Medical School: University of Tennessee Health Science Center
Expected Graduation Year: 2024
Undergraduate Institution: Belmont University
Major: Biology with Pre-Medical Emphasis
Why I’m becoming a doctor
I was first inspired to be a pediatrician by my very own pediatrician, Dr. Pravin Vafai. From a young age, I knew I wanted to be a doctor because many doctors have helped my family. Not long after birth, I began having recurring shortness of breath and pneumonia, which caused many admissions to the emergency room. My parents had endless, scary nights. To further complicate the situation, treatments were confusing because their lack of English-speaking skills prevented them from communicating with the doctors. During the journey to my diagnosis, my family met pediatrician Parvin Vafai, who changed my family’s life and coordinated an entire healthcare team with allergists, dermatologist, and ophthalmologist to address health concerns. Although language barriers were an issue, Dr. Vafai learned how to communicate with my parents and became our support system. Even when transportation was unavailable, she willingly rushed to my home to treat me. Until retirement, she continued to check on me, and I am beyond thankful for her. My pediatrician was my family’s backbone, and we will forever be grateful for that, but in return, I am determined to be a pediatrician that serves the underprivileged areas to reduce the burden of inaccessible care and language barriers.
My experience with the AAMC Fee Assistance Program
I used the following benefits during my premed journey:
- MCAT Official Prep Online-Only Bundle
- Reduced MCAT registration fee
- Medical School Admission Requirements (MSAR)
- Waiver for AMCAS fees
I found information on the AAMC website when I first made my account and applied to the program before registering for the MCAT. I used the reduced MCAT registration fee twice and studied with a name brand Self-Study Course and The Official Guide to the MCAT Exam.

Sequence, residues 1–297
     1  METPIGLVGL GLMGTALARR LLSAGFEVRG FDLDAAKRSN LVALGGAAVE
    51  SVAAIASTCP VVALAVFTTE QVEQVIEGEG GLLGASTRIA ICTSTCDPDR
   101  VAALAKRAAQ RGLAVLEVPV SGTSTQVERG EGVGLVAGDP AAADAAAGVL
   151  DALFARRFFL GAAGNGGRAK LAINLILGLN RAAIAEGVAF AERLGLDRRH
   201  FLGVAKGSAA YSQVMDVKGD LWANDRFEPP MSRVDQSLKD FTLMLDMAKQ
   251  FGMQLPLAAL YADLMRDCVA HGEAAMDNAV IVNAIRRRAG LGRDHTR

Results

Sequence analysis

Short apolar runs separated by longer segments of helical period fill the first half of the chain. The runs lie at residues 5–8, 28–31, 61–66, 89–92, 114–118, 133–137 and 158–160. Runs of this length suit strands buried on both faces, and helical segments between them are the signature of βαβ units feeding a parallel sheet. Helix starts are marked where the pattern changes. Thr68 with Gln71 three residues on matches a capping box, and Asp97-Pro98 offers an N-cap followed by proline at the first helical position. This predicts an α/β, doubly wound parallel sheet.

Free access to the MSAR is a game-changer; you know where your stats fall in regards to each school so you can weigh your chances of getting in. I used MSAR to see how my statistics compared to the schools' incoming class and I looked at schools' mission and diversification information.
Applying to medical school is hard, since you really have to apply to multiple schools to have a chance of getting into one. I applied to 20 schools in hopes of landing into one. Therefore, having a waived AMCAS primary application and receiving waived secondary application fees were the most beneficial to me.
Advice to future applicants
I would recommend starting early. The application requires information that is similar to what the Free Application for Federal Student Aid (FAFSA) requires, so it is pretty easy. Make sure you look at the website because there are so many resources that are listed there.
Also, most of my secondary application fees were waived. If they were not waived, they were at least discounted. Most of the time the schools would include a disclaimer like sentence at the bottom of the secondary application invitation, which is why it is important to read the entire email. Again, make sure you read the emails in their entirety.
These students’ testimonials were selected because they represent diverse stories. The views expressed herein are those of the students and do not necessarily reflect the positions or policies of the AAMC.